Announces the Napier horse races to be held on 18 and 19 March, with large prizes and a Maori-owned horse, `Maori Weed', named a favourite to win.
Notice advising that all the Maori in the district are busy with their corn harvests, that Europeans have been offered ten shillings a day to work, and that because of the amount of work available labourers are hard to get.
Discussion of a petition to the Superintendent from both Maori and European, asking for a train station at Pākōwhai, in which the writer suggests that as Maori favour train travel they would appreciate the increased value of their lands that would result from the railway.
[English translation included.]
From the Editor of Te Wananga
Advising that Te Wananga is now entering the New Year and asking if Pakeha would like to send their thoughts concerning the newspaper. Adds that they welcome any contributions from Pakeha.
[English translation included.]
pp.15-16 [Letters to the Editor]
From Rei Parewhanake
Outlines Maori grievances over Maori land sales. Contains metaphoric language in speaking of the North Island as the fish and of the land as the Earth Mother.
The writer refers to Pakeha as having `only the lips that embrace, but the heart is grasping at the land'. Expresses fears that the loss of land will mean death for the Maori race, and criticises the laws made by Parliament suggesting that they have brought nothing but harm to Maori. Urges Maori to hold fast to their remaining land.
[English translation included.]
pp.16-17 From Te Wharewera Rangitūkehu, Webster Apanui, Samuel Tūpaea and all the tribe
A letter from northern tribes concerning a meeting to be held at Whakatāne, 28 March 1875. Names those attending the meeting: Sir Donald McLean, Te Whiti, Te Tohu, Hēnare Matua, Manuhiri and Manga [Rewi Maniapoto?]. Contains a whakataukī [saying] from the Mātaatua tribes' ancestor, Wairaka.
Asks tribes to assemble from the 10 to 20 March, and advises alcohol will not be permitted.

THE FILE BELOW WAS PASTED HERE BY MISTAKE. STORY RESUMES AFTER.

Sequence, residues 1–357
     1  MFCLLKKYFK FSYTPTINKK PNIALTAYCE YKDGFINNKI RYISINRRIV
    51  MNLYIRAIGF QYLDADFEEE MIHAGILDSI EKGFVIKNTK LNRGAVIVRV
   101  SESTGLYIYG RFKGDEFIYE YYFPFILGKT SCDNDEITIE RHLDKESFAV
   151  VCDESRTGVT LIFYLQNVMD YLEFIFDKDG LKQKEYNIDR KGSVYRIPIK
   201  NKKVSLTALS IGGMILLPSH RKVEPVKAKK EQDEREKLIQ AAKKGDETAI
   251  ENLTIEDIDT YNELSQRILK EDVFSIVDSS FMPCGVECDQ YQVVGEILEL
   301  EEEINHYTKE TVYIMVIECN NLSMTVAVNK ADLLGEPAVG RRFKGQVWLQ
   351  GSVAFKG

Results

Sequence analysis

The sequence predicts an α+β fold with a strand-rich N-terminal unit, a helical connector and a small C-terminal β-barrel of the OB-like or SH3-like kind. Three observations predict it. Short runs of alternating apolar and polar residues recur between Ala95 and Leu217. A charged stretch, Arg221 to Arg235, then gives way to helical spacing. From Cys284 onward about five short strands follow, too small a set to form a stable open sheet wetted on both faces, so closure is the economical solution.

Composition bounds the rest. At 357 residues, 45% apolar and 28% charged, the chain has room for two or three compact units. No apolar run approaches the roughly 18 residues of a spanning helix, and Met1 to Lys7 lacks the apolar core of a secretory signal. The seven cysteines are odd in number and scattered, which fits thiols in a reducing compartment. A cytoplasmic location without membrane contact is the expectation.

[English translation included.]
pp.17-18 From Tāmati Ranapīri
Reply to a report published in Te Waka Maori concerning his previous letter [ Te Wananga, Vol.1, 25 September 1874]. Denies that he named the government agents `Satan', but says he used this word for those Pakeha who beguile Maori. Also denies stating that his tribe went to Wellington to ask for money in exchange for land, and that he demanded land returned. Advises caution in all matters in the future.
[English translation included.]
p.18 [Notice]
From Te Wananga concerning the outcome of the recent horse races at Napier. [Page 19 has the list of results in Maori text only.]
p.18 Deaths
Diamond, at Matahiwi, son of Diamond Te Urututu who died in 1874.
Tamahou, aged 17 years. Died at Karamū.
Two children of Peni Te Uamairangi, Mackay and Victoria Hineirangia.
p.20 [Notices]
From Knight Brothers: Requests orders for their grass cutting and wheat harvesting equipment as soon as possible.
To hop growers: Notifies the writer's experience in cultivating hops. Offers his expertise in this area and asks interested people to contact him through the office of Te Wananga.
[English translation included.]
Terms of subscriptions
Subscriptions to Te Wananga are ten shillings for one year.
[English translation included.]
Napier, Hawke's Bay, New Zealand
Te Wananga is printed by Henry Hill and published by Hēnare Tōmoana.